Video: Natural gas blow back in Bradford county

Frac fluid spills from well for 20 hours at Chesapeake site near Canton. Fluid flowed into a creek, a tributary of the Susquehanna. For more details, see

http://www.wnep.com/wnep-brad-leroy-gas-drillingemergency20110420,0,1884646.story

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Letter to the Editor, Aug. 29, 2010

A Letter to the Editor, Towanda, PA:

Loss of one resource for another?

EDITOR: Being a licensed Pennsylvania water well driller for the past 40 years and being born and raised in the Towanda area, I feel I must respond to the stories I keep reading about the gas drilling companies shifting the blame of water well problems to poor well construction and local water well drilling.

One such story was in this week’s Sunday Review (Aug. 22, 2010). And before I begin I want it known that any subsequent mention of the Chesapeake company shows no hostility towards them or their representatives. With mutual respect and dual acknowledgement of experience, I do believe that natural gas extraction and water well drilling can harmoniously coincide in Northeast Pennsylvania.

First of all, if a water well is not constructed properly, there are problems from day one and not 10, 20 even 50 years later.

Referring to Sunday’s article, Brian Grove of Chesapeake stated he does not believe, the facts, implicate its drilling operations is causing the water issues at hand. We have not spoken with any of the Paradise Road residents, but, the fact is, we have recently received many calls from local homeowners regarding disturbances in their water wells that began after nearby gas drilling activity had started. It doesn’t take a rocket scientist to recognize the time line coincidence and figure out gas drilling activity probably has caused these water well issues.

Again referring to the Sunday article, Mr. Grove wrote, affected water wells are drilled into shallow aquifers. Most of our calls pertain to rock wells, but our answer to his comment is, this is Pennsylvania, not Texas! In many local areas, residents depend on the shallow aquifers because the deeper water is salty, or sulfury, and not compatible to human consumption. What a shame to disturb their only potable water resource.

And Mr. Grove’s insinuation that poor water well construction could be causing current water well issues is a direct disrespect to me, my father before me, and other local reputable water well drillers. Speaking for myself and my father’s memory, we have drilled thousands of water wells during decades of business in Northeast Pennsylvania. Our continued good reputation is testimony that we do successfully construct quality water wells. I invite Mr. Grove to call me to discuss well construction but not to come into my hometown and discredit my work. Mr. Grove stated that Chesapeake has offered to drill replacement water wells of “superior construction standards.” A recent telephone conversation with Chesapeake representative Larry Wooten makes me question what he means by “superior construction standards?”

Mr. Wooten called in regards to me drilling a replacement well on my neighbor’s property. He quizzed me about my practices and prices. When I told him I use a steel drive shoe on the bottom of my casing to seal contaminates from entering the well, he told me they never use them and thought this contaminant seal was an unnecessary added cost. Again, this is Pennsylvania, not Texas. I believe embedding a steel drive shoe into rock formations is necessary to superiorly construct a Pennsylvania water well.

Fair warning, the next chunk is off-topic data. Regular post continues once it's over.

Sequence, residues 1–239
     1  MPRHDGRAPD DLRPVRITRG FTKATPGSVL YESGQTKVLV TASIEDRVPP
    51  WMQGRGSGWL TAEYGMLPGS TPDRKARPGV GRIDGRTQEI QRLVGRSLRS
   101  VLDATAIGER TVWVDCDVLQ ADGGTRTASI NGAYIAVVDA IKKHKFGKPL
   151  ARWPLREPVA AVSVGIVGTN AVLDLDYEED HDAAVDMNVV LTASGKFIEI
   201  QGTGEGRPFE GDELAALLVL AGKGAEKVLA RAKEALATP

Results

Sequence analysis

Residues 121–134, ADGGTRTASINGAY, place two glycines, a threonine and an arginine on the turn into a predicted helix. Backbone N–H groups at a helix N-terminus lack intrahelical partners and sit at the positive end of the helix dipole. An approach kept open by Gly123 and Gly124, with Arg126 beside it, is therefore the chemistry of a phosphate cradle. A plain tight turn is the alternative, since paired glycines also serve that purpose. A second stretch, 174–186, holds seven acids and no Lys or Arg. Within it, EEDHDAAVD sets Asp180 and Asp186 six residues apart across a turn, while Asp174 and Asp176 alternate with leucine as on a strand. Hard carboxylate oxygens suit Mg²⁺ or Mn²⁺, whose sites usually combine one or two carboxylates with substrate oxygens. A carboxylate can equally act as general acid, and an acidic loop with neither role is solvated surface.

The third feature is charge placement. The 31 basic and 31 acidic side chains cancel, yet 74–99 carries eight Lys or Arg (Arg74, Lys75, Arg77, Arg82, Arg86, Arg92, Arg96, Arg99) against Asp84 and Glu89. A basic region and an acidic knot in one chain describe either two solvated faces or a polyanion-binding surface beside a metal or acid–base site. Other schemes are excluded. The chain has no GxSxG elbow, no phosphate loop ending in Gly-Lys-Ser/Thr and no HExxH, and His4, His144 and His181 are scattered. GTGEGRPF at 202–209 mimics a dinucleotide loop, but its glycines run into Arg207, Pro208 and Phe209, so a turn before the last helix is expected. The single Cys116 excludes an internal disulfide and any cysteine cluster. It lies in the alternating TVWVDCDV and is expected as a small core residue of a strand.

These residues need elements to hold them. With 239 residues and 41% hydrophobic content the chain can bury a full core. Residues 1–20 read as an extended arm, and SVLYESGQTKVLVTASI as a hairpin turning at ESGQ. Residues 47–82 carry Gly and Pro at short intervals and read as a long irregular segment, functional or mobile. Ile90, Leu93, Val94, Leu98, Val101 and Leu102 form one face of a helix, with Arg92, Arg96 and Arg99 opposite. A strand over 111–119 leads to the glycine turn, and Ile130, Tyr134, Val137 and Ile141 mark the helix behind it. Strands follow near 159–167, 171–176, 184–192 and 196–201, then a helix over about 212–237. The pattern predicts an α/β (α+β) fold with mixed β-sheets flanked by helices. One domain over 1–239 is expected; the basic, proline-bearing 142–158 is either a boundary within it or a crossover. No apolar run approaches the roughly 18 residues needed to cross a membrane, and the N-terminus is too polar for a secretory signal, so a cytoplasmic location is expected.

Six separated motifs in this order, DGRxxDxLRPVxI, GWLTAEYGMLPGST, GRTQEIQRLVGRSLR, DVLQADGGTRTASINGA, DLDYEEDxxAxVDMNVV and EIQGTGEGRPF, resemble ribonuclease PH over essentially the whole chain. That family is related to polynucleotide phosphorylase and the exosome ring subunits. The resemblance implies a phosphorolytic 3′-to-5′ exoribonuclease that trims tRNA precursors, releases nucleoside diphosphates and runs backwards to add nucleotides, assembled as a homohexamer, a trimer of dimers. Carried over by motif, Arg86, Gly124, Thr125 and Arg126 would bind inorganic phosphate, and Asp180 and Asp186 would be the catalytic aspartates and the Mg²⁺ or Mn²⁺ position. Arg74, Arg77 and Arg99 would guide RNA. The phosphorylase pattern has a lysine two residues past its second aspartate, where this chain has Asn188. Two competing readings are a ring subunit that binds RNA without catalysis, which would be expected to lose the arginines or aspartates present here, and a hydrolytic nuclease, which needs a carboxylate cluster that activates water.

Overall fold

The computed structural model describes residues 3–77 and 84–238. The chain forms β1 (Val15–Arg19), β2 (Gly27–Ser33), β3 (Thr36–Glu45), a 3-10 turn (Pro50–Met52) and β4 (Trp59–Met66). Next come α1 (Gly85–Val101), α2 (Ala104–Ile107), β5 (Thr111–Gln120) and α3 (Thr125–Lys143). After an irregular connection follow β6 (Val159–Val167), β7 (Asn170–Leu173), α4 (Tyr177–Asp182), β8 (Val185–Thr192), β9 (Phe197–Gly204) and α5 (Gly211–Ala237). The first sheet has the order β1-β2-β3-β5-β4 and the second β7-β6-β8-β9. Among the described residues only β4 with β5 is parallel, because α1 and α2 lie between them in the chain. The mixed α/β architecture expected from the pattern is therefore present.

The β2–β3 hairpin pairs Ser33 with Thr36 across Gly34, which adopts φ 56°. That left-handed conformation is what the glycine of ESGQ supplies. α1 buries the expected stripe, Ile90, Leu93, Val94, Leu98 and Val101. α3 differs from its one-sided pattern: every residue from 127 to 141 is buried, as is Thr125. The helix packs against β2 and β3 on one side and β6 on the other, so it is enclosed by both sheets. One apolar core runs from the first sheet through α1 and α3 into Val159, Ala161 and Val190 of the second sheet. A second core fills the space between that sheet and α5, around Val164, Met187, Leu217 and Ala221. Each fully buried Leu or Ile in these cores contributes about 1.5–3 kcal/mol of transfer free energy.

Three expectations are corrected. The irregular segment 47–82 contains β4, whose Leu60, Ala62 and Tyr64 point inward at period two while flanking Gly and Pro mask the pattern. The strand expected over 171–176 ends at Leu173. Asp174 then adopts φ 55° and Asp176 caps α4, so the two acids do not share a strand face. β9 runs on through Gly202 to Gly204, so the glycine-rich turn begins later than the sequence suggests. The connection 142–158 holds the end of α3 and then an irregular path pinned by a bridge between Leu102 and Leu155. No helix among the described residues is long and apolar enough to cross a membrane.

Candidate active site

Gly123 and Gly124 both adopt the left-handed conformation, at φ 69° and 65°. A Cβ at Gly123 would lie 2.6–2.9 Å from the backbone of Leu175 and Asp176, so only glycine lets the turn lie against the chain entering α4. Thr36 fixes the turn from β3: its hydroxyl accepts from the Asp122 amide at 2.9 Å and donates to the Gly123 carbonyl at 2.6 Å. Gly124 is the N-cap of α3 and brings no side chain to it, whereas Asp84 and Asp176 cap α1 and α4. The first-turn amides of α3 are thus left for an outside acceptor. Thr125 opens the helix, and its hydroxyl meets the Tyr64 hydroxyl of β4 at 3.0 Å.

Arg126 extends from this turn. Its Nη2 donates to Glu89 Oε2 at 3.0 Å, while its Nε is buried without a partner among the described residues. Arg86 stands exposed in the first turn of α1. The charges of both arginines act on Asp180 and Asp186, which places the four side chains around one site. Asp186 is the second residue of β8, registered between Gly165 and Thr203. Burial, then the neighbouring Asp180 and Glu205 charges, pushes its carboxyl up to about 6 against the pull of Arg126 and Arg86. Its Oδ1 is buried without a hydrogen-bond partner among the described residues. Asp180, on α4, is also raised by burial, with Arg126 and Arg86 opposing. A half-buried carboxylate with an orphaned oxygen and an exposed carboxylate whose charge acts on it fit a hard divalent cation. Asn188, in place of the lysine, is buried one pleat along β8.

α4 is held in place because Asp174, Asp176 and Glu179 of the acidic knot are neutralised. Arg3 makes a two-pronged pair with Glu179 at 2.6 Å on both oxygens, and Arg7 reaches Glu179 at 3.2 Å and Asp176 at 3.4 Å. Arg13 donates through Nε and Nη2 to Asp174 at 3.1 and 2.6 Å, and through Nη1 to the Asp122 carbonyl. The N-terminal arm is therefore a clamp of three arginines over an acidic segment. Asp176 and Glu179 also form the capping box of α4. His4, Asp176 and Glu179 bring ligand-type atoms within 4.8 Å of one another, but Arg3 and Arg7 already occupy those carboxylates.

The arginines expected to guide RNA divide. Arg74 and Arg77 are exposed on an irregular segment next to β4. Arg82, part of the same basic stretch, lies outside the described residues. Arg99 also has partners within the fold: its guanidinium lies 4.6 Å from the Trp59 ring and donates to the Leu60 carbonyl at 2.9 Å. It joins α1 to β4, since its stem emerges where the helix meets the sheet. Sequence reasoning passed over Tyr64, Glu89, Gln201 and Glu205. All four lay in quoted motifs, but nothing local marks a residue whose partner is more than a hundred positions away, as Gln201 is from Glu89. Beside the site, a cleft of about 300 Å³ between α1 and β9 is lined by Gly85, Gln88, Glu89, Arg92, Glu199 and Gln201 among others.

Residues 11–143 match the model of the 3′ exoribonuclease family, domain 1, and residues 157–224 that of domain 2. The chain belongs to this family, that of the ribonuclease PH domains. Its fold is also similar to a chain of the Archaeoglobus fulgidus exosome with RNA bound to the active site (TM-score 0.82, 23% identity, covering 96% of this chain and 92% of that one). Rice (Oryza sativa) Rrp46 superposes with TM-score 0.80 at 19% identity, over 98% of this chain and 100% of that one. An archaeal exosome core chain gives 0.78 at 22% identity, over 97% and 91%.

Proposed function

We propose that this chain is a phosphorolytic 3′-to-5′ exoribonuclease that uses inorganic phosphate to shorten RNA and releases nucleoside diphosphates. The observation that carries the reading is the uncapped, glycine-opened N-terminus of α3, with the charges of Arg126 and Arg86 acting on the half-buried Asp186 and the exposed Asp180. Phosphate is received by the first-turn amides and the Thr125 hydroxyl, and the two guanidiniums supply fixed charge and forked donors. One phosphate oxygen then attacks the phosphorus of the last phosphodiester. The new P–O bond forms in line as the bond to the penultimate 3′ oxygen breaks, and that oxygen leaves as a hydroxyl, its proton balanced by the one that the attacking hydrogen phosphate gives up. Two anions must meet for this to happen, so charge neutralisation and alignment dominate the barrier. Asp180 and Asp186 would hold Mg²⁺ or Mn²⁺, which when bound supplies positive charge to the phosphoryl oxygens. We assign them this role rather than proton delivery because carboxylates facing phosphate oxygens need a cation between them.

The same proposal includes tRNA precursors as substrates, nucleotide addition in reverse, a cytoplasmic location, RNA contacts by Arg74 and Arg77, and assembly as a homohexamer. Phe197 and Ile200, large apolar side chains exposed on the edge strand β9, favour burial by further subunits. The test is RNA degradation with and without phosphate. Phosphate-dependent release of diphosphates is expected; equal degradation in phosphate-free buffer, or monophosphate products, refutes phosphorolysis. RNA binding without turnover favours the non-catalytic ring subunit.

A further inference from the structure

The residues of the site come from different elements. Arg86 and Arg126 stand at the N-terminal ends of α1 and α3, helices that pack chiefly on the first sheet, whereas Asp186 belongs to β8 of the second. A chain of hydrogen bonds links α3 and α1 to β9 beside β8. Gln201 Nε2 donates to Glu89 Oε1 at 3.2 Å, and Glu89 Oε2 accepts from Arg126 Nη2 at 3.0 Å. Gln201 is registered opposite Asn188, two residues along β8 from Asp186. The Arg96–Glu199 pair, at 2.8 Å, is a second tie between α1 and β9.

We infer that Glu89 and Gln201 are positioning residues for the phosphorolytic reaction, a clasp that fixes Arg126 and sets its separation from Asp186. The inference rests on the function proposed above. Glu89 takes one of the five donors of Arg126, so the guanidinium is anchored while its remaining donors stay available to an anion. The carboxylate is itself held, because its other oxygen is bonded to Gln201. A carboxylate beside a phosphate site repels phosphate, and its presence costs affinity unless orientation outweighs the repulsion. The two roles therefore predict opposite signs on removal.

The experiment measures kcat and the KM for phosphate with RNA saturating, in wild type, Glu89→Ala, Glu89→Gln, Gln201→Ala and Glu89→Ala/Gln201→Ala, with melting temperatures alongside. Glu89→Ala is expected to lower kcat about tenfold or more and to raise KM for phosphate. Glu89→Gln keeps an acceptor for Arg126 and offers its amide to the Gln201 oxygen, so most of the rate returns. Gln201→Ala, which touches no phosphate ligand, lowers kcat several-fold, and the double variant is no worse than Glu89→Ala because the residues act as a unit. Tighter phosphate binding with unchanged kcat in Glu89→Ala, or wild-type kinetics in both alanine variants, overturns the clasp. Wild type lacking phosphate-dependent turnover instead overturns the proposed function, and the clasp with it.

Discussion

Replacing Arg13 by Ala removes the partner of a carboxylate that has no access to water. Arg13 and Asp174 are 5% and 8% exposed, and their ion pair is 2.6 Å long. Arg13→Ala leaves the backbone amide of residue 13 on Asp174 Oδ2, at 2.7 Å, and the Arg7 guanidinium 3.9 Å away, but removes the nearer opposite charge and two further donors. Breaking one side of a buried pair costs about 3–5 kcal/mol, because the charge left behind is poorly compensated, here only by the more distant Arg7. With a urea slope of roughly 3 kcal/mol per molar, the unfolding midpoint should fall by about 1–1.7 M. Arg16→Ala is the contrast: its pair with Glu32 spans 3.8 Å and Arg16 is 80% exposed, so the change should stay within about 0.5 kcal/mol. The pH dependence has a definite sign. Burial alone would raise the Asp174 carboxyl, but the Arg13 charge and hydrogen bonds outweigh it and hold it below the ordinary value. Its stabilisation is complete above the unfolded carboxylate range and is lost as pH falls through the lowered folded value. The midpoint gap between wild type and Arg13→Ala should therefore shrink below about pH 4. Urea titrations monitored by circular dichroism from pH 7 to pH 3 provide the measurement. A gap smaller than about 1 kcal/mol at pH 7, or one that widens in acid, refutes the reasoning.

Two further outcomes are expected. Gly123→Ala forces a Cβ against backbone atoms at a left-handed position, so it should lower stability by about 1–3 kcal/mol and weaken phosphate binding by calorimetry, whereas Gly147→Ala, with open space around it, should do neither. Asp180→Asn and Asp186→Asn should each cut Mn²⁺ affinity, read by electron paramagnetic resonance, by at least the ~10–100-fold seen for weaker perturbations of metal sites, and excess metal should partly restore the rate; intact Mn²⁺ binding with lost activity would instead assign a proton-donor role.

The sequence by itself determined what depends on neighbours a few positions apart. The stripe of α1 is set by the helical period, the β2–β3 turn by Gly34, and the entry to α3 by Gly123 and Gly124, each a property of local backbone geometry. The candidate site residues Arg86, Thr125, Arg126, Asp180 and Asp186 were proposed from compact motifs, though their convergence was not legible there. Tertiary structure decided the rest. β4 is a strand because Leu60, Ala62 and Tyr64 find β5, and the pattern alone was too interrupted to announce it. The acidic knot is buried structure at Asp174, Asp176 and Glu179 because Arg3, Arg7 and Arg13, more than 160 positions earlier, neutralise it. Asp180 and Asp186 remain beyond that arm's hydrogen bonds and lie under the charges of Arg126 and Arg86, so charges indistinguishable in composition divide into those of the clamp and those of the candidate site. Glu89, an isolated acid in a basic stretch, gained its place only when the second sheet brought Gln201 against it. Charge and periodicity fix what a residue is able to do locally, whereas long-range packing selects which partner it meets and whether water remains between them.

To end, we believe Northeast Pennsylvania is both blessed and cursed by the Marcellus Shale mineral deposits which lie underneath our homes. The excitement of gas lease funding and large drilling rigs coming to our area has been replaced by damaged roads; delayed travel and traffic snarls; streams sucked dry by convoys of trucks, driven by persons foreign to our area, who may skillfully drive Texas flatlands but have difficulty maneuvering our hilly serpentine roadways; residential sweet water invaded by methane that is blowing off well caps; local families displaced by gas workers; and other changes affecting our work and lifestyles.

Unlike cautious New York state, we think Pennsylvania jumped the gun and has allowed natural gas drilling companies into our area too soon, in too large of numbers, and with too few regulations in place. The saying, you don’t know the worth of the water until the well is dry, sounds like a reality to us. Our drinking water is being affected and millions of gallons of water are being extracted from our streams, rivers and municipal wells with insufficient recharge. Well, Sen. Casey, we agree it is high time to protect our water, our people and our future.

Thomas and Loraine Cummings Water Well Drilling

Towanda

http://thedailyreview.com/opinion/letters/letter-to-the-editor-aug-29-2010-1.980232

Under-used Drilling Methods are Possible-Greener Fracking?

http://www.propublica.org/feature/underused-drilling-practices-could-avoid-pollution-1214

A good read from Propublica. The discussion of safer and “greener” drilling chemicals is on the rise and so is research that shows these other methods do work. And of course some parts of the industry will fight this tooth and nail while others have embraced it and some are already putting it into action. There is an intersting quote at the end of this long article.

“No matter what we do we are capitalists here in the U.S.,” said Richard Haut, the Houston Advanced Research Center project director. “We do have to look for a balance between environmental issues and development.”

of course capitalism is playing it’s role…and we are playing ours as stewards of our resources, water and homes.

Gas Companies say one thing but think another…

http://www.propublica.org/feature/does-chesapeakes-no-drilling-pledge-do-enough-to-protect-nycs-watershed-110

Another well written article from Propublica.  Just seems to reinforce the old “you just can’t trust ’em!”.

NYC watershed may yet be saved